Against the backdrop of an increased cost of living and the chip shortage, which has made getting a new car for many unattainable, motorists were due a bit of fortune.
And it looks set to come in the form of reduced electric car prices.
Despite two instances of the government rounds of reducing the grant for buyers of electric vehicles, they will soon become much cheaper, and potentially even reach parity with petrol and diesel alternatives by 2025.
Electric cars are becoming much cheaper to make. Battery electric vehicle (EV) prices have already fallen sharply due to an increase in the amount of models being made as well as in advancements in the batteries themselves.
With manufacturers building electric cars and vans from scratch, instead of using existing design structures known as ‘platforms’, both the performance and cost benefits are beginning to be realised.
Manufacturers are calling for the UK government to increase incentives for EVs until parity with traditional fuels has been secured but given they only cut them recently this is highly unlikely to happen.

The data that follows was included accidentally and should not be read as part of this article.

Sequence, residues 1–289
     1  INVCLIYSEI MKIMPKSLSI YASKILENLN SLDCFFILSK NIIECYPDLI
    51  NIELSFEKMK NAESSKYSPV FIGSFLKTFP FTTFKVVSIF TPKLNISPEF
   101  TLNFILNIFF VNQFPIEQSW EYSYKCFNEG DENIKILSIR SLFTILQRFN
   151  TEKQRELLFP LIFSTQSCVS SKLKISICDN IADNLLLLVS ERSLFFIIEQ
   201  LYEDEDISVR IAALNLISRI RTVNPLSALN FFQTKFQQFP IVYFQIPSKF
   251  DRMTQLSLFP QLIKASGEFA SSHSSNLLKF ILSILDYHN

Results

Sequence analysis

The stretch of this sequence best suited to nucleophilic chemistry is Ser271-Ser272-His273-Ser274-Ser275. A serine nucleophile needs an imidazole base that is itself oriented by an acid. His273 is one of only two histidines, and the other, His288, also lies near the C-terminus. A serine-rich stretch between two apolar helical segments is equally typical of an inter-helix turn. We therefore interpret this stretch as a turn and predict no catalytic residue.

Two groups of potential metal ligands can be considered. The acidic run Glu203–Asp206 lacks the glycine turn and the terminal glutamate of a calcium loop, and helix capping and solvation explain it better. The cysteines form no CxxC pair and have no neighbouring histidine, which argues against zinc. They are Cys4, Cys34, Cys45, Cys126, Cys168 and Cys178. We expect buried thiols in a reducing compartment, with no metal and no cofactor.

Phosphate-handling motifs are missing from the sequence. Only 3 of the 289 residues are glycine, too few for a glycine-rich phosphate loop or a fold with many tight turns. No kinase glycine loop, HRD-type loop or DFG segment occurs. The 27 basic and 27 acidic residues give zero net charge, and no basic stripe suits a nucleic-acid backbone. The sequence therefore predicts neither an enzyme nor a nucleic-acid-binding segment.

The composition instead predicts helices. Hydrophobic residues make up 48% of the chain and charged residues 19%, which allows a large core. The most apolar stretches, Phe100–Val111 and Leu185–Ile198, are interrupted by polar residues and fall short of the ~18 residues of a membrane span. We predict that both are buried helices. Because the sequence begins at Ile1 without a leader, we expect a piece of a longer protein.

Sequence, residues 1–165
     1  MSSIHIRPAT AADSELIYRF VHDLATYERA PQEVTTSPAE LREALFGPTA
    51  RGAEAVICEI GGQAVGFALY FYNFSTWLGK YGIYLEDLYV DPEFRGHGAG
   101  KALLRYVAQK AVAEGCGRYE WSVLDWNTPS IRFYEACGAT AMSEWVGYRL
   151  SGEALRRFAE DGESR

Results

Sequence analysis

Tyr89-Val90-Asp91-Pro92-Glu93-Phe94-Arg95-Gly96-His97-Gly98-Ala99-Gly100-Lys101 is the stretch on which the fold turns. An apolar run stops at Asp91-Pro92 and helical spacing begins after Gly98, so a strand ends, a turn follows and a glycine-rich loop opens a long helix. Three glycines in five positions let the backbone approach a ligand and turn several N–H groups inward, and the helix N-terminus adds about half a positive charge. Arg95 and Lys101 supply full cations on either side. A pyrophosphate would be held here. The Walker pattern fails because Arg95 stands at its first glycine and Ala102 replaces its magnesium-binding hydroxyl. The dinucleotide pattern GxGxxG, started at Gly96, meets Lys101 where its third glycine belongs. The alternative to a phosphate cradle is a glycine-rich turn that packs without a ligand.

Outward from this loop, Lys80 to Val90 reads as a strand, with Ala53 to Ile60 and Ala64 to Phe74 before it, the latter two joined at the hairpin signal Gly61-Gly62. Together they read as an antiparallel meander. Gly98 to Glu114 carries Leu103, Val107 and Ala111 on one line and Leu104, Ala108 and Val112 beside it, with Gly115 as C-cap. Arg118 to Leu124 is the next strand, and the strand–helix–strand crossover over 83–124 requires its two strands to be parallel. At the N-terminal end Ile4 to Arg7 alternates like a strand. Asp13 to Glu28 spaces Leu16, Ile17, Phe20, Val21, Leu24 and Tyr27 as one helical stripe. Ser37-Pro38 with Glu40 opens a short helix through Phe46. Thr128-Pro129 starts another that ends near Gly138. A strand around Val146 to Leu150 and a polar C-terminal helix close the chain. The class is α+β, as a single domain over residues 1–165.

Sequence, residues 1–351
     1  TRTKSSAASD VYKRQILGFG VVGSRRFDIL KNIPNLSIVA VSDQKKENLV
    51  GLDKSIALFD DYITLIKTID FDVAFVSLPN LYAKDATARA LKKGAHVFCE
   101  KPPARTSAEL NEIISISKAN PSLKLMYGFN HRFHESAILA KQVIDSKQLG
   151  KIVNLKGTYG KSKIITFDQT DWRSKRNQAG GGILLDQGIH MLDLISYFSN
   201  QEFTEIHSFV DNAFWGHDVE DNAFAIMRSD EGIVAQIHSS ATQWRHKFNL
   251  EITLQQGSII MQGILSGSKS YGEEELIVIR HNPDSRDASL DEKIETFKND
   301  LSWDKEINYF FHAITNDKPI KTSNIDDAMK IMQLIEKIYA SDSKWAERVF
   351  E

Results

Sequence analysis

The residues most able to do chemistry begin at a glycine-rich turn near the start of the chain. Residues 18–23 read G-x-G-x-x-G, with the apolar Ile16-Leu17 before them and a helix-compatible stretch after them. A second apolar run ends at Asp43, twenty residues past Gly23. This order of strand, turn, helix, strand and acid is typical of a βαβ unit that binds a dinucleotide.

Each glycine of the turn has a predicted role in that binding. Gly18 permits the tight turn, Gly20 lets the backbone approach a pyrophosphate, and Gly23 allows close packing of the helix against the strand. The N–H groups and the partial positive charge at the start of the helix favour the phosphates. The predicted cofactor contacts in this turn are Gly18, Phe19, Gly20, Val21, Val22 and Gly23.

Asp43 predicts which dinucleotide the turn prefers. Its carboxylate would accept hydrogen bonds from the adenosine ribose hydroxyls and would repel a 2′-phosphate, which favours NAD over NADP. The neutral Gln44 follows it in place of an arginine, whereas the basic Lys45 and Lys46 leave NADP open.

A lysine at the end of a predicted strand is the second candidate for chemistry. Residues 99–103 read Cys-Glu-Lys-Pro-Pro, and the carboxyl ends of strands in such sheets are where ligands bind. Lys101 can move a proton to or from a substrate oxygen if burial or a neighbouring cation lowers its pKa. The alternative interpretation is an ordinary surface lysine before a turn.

What about the raw materials to build the batteries?
Batteries require minerals such as lithium and cobalt and it is widely acknowledged that there are sufficient quantities of all the raw materials needed to be able to cope with a rapid expansion in the amount of electric cars, vans, buses and even lorries being built worldwide.
The UK is also planning to improve its own battery production by opening a large scale battery factory in Blyth as we attempt to catch up with China, Japan and South Korea in manufacturing output.
Previously owned electric cars are about to hit the market
In 2019 many electric cars were bought up by commercial fleets - taxi or car hire companies or those with company cars - after the government offered tax breaks for EVs.
These companies tend to sell off those vehicles after two to three years, so those are about to enter the second-hand market.
If you’re interested in getting hold of a previously owned electric vehicle, give our Auto Experts a shout here and they’ll help you out.
What are the current savings?
Research has shown the average motorist should save £700 a year in fuel costs by switching shift to electric.
Although electricity prices have been affected by the gas crisis, people will still reduce their fuel costs by switching to an EV, as electricity is much cheaper than petrol.